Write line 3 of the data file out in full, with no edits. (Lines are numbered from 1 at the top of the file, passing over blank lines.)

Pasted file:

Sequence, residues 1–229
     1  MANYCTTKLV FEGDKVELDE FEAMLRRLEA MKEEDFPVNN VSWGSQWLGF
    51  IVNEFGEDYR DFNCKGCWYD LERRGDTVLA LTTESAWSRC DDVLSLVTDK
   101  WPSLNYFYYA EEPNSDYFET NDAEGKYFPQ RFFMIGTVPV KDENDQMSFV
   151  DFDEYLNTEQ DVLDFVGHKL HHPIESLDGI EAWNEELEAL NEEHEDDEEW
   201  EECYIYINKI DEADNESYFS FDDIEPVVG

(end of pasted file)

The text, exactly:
    51  IVNEFGEDYR DFNCKGCWYD LERRGDTVLA LTTESAWSRC DDVLSLVTDK